Myanmarʼs Ripple Effect Brings Return of ʻLawfareʼ to Cambodia



In the lead up to the 2018 Cambodian federal election, the ruling Cambodian People’s Party (CPP) is distancing itself from the short-lived ‘culture of dialogue’ to return to their traditional system of ‘lawfare’. Fearing that the landslide opposition victory in Myanmar last month could inspire Cambodians to demand change in their own country, dissenting political voices are being silenced with increasing frequency and on highly questionable legal grounds.

The first to be targeted have been members of the opposition Cambodian National Rescue Party (CNRP). On 13 November, opposition leader Sam Rainsy was informed that the Phnom Penh Municipal Court had issued a warrant for his arrest over a 2011 defamation conviction that had previously been pardoned by the King.

The conviction was the result of comments Rainsy made accusing Foreign Minister Hor Namhong of collaborating with the murderous Khmer Rouge regime, an accusation he has since publicly repeated. On 16 November Sam Rainsy had his status as a lawmaker, and thus his parliamentary immunity, revoked by the National Assembly, ahead of his potential arrest.

At the time of the Municipal Court decision, however, the opposition leader was on a tour of Asia and subsequently announced that he was delaying his return to Cambodia indefinitely. Speaking from South Korea, Rainsy described the situation as a ‘constitutional coup’ on the part of the CPP and part of a broader system of rule by ‘lawfare’ that has long characterised Cambodian politics.

The situation then escalated when the Phnom Penh Municipal Court issued a summons relating to a separate case involving an allegedly doctored document about a contentious section of the Cambodian-Vietnamese border shown on the CNRP leader’s popular Facebook page. Sam Rainsy is accused of being “an accomplice in the act of faking public documents” and two other CNRP members have so far been arrested over the incident.

On 22 November, Rainsy flew to France where he has since been successful in lobbying the European Parliament to pass a resolution condemning the government’s treatment of the opposition, with some calling for a suspension of European aid to Cambodia.

The opposition leader has a house in France and has previously spent several years in self-imposed exile there. It seems likely that the current situation could devolve into another protracted period of absence for Rainsy, who only returned to Cambodia in 2012 after almost four years of exile.

Recently the opposition leader has made a number of public comparisons between himself and Aung San Suu Kyi, whose dramatic win in the historic Myanmar polls this month has been seen by some as a sign of a desire for broader change in the Indo-Chinese region. Following the National League for Democracy's (NLD) landslide victory, Rainsy declared that the “wind of freedom that is blowing throughout the world will also reach Cambodia in the very near future”, and a photo of a CNRP rally juxtaposed with a NLD rally was widely circulated on social media.

However if Rainsy wishes to resemble the iconic Suu Kyi, he will find that his periods of self-imposed exile in his house in France yield significantly less sympathy than her 15 years of house arrest. Rainsy’s history of fleeing the country when targeted by the government undermines his ability to present himself as a viable alternative to ‘strongman’ Prime Minister Hun Sen.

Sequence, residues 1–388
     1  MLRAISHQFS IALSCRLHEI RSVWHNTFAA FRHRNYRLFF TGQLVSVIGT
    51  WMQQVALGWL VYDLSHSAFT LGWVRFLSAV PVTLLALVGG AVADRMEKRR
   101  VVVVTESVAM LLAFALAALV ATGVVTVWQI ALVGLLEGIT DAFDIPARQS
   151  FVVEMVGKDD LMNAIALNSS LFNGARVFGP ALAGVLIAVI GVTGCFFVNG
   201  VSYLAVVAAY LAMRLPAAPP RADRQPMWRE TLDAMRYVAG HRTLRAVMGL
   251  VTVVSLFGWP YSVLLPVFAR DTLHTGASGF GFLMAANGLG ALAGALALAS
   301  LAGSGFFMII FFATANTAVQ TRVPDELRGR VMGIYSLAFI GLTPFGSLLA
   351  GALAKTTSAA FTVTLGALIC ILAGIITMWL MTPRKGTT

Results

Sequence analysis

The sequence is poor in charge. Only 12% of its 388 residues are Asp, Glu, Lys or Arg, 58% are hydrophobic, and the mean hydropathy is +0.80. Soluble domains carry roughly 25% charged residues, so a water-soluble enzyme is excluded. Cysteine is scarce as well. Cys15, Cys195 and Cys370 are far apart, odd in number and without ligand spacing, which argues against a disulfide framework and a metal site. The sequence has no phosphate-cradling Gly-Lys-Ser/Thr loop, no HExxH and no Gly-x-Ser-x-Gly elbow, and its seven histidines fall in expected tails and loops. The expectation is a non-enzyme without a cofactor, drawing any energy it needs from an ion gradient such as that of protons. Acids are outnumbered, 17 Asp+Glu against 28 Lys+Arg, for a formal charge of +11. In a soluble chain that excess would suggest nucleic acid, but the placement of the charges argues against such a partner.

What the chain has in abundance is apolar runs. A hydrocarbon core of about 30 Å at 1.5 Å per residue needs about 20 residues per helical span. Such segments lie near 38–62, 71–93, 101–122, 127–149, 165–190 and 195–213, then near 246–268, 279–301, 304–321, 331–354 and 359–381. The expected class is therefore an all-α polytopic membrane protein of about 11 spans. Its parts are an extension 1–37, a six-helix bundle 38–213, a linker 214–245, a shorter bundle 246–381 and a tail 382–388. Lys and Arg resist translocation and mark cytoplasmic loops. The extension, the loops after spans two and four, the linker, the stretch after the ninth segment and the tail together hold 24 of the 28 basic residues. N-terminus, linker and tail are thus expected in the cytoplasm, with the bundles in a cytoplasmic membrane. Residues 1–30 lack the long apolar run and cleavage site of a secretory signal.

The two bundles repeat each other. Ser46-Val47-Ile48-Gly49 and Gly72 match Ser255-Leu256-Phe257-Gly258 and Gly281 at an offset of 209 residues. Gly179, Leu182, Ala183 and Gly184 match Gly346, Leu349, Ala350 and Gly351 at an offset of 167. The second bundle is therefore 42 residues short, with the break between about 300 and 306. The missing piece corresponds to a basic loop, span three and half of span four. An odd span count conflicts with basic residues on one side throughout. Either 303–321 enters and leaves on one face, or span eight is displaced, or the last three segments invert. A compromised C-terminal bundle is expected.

The leader of the opposition is not the only prominent voice to be targeted lately. On 26 October, after attending a session at the National Assembly, two CNRP members were dragged from their cars and brutally beaten, seemingly at random. The beatings took place following a CPP protest demanding the removal of Kem Sokha, Vice President of the National Assembly and Deputy Leader of the CNRP, who has since been removed from his position in a manner legal scholars have described as unconstitutional.

While in fact we are closer to the previous election than the next, the Prime Minister is taking no chances. The 2013 elections were heavily criticised, particularly by the CNRP who claim that CPP-appointed National Election Committee rigged the outcome and boycotted Parliament for almost one year in protest.

Two thirds of Cambodians are under the age of 30, and have never known any Prime Minister other than Hun Sen. The PM capitalises on this by repeatedly claiming that he is the only person standing between Cambodia and another brutal civil war. However, young Cambodians are increasingly well educated and politically active, and this narrative does not hold much weight with them.

Whether or not Sam Rainsy returns to Cambodia will play a big part in how the public view the CNRP ahead of the 2017 communal and 2018 federal elections. It is clear that the 2018 could be a historic moment for Cambodia, but so much hangs on how willing Sam Rainsy is to take after his professed Burmese counterpart.

Caitlin McCaffrie has an interest in South East Asian regional politics and human rights. She is currently based in Phnom Penh, Cambodia.

This article can be republished with attribution under a Creative Commons Licence. Please email publications@youngausint.org.au with any questions or for more information.

Image credit: Luck Forsyth (cropped) (Flickr: Creative Commons)

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